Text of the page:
- personnel distributed to tactical units who can recognize new challenges and opportunities and create early versions of new software
- the ability to quickly build and update networks for new capabilities.
These proficiencies are different from those of U.S. Cyber Command, whose focus is on “defending the DODIN [DOD information networks], providing support to combatant commanders for execution of their missions around the world, and strengthening our nation’s ability to withstand and respond to cyber attack.”30 Though critical, that mission focuses more on the defense, exploitation, and attack of networks than on the creation of new software.
To meet these needs, each branch of the military requires its own software developers. Rapidly identifying opportunities and creating software to exploit them will be a form of maneuver just as critical as performing fleet movements, flying aircraft, or plotting ground forces. Because the Services would be extremely reluctant to rely on outside sources to perform these roles, they should treat software development with the same degree of concern. Parts of the military—such as U.S. Special Operations Command, the Air Force’s Kessel Run, and the Army’s Software Factory—have made a start, but the military needs more software developers in more units.31
Code and Data Access. Once in place, software developers require architecture and authorizations that allow them to locally manage, build, review, test, and release code. The Defense Innovation Board Software Acquisition and Practices study recommends managing source code in a single repository but encourages engineers to fix problems “independent of program boundaries.”32 For engineers to manage, build, debug, and release new software, they need access to their systems’ codes, the authorization to change them, and the ability to disseminate changes.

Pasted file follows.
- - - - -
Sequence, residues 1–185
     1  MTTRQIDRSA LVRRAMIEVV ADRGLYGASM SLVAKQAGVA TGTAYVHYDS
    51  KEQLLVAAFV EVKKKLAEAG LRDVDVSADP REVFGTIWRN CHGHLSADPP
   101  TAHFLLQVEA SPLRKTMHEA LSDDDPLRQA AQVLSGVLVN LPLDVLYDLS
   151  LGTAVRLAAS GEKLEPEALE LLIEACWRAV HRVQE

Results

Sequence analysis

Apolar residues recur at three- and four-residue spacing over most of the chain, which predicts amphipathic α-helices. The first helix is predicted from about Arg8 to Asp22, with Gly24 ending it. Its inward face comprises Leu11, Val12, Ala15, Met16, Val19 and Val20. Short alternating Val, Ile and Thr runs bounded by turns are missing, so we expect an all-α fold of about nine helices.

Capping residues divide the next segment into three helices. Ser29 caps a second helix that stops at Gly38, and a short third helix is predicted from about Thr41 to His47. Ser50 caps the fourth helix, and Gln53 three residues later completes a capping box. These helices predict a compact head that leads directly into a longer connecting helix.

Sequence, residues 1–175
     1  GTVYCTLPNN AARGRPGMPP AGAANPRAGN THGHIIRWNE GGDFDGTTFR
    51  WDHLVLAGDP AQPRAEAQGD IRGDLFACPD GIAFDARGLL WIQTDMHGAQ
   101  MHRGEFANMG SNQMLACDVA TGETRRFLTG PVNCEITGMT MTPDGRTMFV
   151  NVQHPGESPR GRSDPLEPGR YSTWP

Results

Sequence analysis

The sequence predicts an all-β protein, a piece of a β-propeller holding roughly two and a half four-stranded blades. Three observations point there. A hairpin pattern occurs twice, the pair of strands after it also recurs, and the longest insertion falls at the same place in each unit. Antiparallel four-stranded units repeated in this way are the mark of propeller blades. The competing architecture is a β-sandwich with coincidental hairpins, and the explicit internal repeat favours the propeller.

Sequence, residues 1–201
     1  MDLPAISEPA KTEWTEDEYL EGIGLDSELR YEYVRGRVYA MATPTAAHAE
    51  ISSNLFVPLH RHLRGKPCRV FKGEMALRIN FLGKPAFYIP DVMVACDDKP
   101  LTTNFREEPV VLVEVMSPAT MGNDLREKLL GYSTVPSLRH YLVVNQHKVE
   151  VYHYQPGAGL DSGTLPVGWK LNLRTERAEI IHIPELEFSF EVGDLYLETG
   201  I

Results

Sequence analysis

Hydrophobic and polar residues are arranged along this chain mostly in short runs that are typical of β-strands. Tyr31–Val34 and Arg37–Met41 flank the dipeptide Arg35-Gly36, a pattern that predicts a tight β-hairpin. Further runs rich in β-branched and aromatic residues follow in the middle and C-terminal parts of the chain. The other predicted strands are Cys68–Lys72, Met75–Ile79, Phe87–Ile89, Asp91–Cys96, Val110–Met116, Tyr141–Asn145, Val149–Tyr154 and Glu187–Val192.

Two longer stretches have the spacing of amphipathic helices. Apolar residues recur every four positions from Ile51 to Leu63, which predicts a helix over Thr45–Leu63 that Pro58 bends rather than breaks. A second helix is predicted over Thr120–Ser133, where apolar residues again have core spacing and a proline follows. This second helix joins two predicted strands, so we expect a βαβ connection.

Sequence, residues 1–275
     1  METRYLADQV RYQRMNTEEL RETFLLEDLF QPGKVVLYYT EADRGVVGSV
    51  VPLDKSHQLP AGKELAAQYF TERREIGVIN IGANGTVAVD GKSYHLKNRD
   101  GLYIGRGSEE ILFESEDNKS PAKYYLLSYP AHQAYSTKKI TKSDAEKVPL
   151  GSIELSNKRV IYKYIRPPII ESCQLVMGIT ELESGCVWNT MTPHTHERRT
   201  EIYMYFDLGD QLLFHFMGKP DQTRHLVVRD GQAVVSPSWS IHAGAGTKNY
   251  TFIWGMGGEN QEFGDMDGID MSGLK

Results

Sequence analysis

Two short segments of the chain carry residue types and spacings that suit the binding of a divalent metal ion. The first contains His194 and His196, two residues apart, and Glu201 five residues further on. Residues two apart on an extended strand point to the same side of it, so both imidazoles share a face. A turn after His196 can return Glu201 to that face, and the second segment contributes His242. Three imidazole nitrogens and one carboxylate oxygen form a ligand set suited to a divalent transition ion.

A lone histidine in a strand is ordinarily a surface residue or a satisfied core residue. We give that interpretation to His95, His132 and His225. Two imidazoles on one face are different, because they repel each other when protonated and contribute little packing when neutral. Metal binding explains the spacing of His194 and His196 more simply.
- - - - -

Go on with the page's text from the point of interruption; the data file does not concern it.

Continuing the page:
Access to data will also be crucial. Data helps software developers understand system requirements. Machine learning in particular requires access to large data sets. Training and retraining algorithms to address new challenges will often require access to data sets from units encountering the challenge. To meet this requirement, tactical units need the bandwidth, computing power, software tools, and training to share and process large data sets. To be clear, this architecture, authorization, and access to data are not intended to create new technology; they are necessary to allow DOD to use existing technology effectively.
Organizational Structure. As it acknowledges the need to quickly create software for tactical environments, the joint force must determine where in its organizational structure it should place its developers and their tools. The degree to which software development and adaptation is centralized should be a function of both the consequences of errors and the consequences of adapting slowly. Systems with little margin for error that do not need to change quickly, such as aircraft carrier preventive maintenance, should be tightly controlled at a centralized facility where maintenance and development experts can methodically control quality. Other capabilities have a wider margin for error and require more rapid, localized adaptation. Units in ground combat have fewer systems that can produce catastrophic failures, and these units often experience stark differences in their operating environment; they may have to operate with limited bandwidth to their higher headquarters. In these circumstances, decentralized adaptation—and, in some cases, even decentralized development—may be more appropriate.